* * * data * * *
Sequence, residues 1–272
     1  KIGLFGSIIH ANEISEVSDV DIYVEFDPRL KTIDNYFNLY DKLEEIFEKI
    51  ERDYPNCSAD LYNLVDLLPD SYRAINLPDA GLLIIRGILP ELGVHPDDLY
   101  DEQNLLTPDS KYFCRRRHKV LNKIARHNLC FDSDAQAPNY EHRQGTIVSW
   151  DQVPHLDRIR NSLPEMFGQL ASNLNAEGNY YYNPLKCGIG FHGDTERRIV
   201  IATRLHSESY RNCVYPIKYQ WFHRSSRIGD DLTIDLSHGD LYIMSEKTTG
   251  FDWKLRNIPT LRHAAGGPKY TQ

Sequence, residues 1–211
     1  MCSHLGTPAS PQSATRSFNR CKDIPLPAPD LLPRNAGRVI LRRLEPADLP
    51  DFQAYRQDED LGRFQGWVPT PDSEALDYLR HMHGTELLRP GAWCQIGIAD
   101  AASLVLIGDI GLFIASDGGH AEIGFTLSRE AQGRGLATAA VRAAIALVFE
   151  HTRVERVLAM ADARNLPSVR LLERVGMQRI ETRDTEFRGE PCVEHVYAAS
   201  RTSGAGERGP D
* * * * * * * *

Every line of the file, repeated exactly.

Sequence, residues 1–272
     1  KIGLFGSIIH ANEISEVSDV DIYVEFDPRL KTIDNYFNLY DKLEEIFEKI
    51  ERDYPNCSAD LYNLVDLLPD SYRAINLPDA GLLIIRGILP ELGVHPDDLY
   101  DEQNLLTPDS KYFCRRRHKV LNKIARHNLC FDSDAQAPNY EHRQGTIVSW
   151  DQVPHLDRIR NSLPEMFGQL ASNLNAEGNY YYNPLKCGIG FHGDTERRIV
   201  IATRLHSESY RNCVYPIKYQ WFHRSSRIGD DLTIDLSHGD LYIMSEKTTG
   251  FDWKLRNIPT LRHAAGGPKY TQ

Sequence, residues 1–211
     1  MCSHLGTPAS PQSATRSFNR CKDIPLPAPD LLPRNAGRVI LRRLEPADLP
    51  DFQAYRQDED LGRFQGWVPT PDSEALDYLR HMHGTELLRP GAWCQIGIAD
   101  AASLVLIGDI GLFIASDGGH AEIGFTLSRE AQGRGLATAA VRAAIALVFE
   151  HTRVERVLAM ADARNLPSVR LLERVGMQRI ETRDTEFRGE PCVEHVYAAS
   201  RTSGAGERGP D